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Making Ranbaxy 'Singh' again

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The board meeting of , India’s largest pharmaceutical company in terms of sales, lasted all of two hours at The Oberoi in New Delhi. At the end of it, stepped down as the chief executive of the company. In his place, Atul Sobti was appointed managing director and CEO for a three-year term.

Singh’s exit cuts all ties his family had with Ranbaxy. Bhai Mohan Singh, who had bought over the company from Ranjit Singh and Gurbax Singh way back in 1947, often used to call the company his fourth son after Parvinder, Manjit and Analjit. The company was always run by the family except for the five years between 1999 and 2004 when DS Brar was at the helm. With the ownership of the company now with Daiichi Sankyo of Japan, what is certain is that men like Sobti will steer the destiny in the weeks, months and years to come.

What is also certain is that Sobti has a huge challenge ahead of him. The company carries huge derivative losses on its books and its operations are also under strain. Daiichi Sankyo had, in fact, recently stated that full-year profits will be below forecast, thanks to Ranbaxy, and it will get actively involved in the running of the company.

The pharmaceutical market worldwide has turned soft. Ranbaxy has a huge exposure to the US and Europe market, where its volumes are under pressure, having done a string of acquisitions under Singh. India could have been a good hedge in this scenario. But the market here is too fragmented — there are over 20,000 registered pharmaceutical companies in the country. Ranbaxy is the second-largest player in the market and its share is just 5.8 per cent!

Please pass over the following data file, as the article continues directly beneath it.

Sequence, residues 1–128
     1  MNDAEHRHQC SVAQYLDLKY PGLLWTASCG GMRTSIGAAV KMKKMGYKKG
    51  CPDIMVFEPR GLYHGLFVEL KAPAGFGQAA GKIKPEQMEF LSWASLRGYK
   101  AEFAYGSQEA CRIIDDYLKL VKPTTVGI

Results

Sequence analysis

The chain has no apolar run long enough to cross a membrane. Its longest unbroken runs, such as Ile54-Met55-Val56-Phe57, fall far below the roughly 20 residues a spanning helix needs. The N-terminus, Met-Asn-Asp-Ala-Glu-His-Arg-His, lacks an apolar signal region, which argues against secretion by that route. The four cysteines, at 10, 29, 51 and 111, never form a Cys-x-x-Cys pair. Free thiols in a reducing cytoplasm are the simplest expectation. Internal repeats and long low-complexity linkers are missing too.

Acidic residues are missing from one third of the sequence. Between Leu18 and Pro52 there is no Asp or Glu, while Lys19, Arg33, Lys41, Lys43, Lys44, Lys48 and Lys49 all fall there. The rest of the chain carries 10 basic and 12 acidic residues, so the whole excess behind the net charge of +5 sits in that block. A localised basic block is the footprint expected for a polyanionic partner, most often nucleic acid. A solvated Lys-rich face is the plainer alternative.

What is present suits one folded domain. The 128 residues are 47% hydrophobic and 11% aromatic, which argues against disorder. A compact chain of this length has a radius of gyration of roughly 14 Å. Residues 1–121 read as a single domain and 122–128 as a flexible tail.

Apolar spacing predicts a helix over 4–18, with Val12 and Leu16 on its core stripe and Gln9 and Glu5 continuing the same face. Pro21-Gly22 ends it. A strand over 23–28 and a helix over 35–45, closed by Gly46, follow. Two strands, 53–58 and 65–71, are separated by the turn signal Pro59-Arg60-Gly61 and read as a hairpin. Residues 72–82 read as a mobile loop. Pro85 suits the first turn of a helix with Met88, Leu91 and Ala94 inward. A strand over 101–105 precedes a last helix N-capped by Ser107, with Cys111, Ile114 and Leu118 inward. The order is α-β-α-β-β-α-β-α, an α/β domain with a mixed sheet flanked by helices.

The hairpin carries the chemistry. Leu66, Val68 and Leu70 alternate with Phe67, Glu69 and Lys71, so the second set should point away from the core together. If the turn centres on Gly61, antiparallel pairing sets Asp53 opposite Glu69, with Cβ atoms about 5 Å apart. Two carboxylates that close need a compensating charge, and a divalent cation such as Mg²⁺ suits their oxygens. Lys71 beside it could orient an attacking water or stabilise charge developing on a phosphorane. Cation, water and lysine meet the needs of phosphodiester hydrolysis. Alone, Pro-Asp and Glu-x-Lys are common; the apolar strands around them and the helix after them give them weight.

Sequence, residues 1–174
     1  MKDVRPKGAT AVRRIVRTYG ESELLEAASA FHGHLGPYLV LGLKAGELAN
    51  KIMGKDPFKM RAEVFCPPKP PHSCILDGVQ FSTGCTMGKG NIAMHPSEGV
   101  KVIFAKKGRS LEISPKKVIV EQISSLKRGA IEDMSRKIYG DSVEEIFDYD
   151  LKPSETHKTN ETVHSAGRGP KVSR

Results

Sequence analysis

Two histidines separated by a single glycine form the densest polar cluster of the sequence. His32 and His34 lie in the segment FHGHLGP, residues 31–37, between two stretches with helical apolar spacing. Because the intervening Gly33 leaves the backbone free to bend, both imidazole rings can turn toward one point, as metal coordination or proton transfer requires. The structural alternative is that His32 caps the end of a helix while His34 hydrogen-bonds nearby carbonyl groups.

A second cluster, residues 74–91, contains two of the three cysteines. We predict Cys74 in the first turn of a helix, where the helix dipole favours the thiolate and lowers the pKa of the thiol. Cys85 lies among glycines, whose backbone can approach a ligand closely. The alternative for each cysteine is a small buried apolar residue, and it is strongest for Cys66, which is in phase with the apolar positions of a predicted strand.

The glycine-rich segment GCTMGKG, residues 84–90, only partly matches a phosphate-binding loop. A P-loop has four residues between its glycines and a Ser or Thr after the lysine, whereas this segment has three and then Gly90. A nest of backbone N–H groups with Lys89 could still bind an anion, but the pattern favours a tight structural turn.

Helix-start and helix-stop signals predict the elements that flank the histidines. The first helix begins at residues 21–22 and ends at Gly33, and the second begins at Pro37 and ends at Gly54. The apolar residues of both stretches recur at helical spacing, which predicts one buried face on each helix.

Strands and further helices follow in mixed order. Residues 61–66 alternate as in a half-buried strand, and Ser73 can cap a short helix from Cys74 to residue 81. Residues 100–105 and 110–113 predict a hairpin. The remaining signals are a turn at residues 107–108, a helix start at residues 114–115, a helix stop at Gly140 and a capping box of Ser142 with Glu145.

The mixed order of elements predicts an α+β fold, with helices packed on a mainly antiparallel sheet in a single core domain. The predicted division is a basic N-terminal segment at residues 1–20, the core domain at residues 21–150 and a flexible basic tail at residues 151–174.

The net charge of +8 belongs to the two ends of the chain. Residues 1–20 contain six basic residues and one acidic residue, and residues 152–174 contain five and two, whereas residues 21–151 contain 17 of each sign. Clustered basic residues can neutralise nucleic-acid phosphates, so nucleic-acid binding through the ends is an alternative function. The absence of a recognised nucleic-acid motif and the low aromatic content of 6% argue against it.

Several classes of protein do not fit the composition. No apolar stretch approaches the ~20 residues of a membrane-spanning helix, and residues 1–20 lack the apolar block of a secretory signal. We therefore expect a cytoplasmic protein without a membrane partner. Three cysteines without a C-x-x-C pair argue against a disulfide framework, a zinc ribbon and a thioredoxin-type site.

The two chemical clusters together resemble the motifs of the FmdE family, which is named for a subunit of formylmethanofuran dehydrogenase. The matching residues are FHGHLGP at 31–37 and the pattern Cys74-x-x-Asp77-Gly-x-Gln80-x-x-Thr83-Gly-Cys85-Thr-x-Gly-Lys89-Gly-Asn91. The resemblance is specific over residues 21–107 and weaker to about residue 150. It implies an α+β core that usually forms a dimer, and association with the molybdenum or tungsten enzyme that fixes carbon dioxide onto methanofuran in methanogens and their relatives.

More important, Sobti needs to sort out the mess with the United States Food and Drug Administration (USFDA) which has put a ban on the import of 30 drugs produced by Ranbaxy. The company has submitted a corrective action plan to USFDA, but Sobti needs to treat it as top priority. Credibility is everything in the pharmaceutical business and Ranbaxy cannot afford to be blasé about it.

On the positive side, Sobti has loads of experience behind him. He joined Ranbaxy in October 2005 as president and was made in charge of important geographies like India, West Asia and Asia Pacific as well as the vertical of global consumer healthcare. He was elevated to chief operating officer in January 2007.

Sobti has studied at St Stephen’s College in New Delhi and the Indian Institute of Management, Ahmedabad. He then worked for several companies like Xerox and Onida. But he gained notice only after 1998 when he joined Hero Honda. During the seven years he was there, the motorcycle producer ramped up its sales at a very fast rate. By the time he left, he was the company’s executive director in charge of sales, marketing, finance and human resources.

Some observers also point out that Hero Honda lost its way for a while after Sobti left. In less than a year, arch rival Bajaj Auto had more or less caught up with it. That is when Hero Honda did a total marketing makeover and recovered its market share from Bajaj Auto.

Daiichi Sankyo will look closely at Sobti’s work. That Singh’s five-year term was cut short shows that Japan’s third-largest pharmaceutical company is impatient for results.

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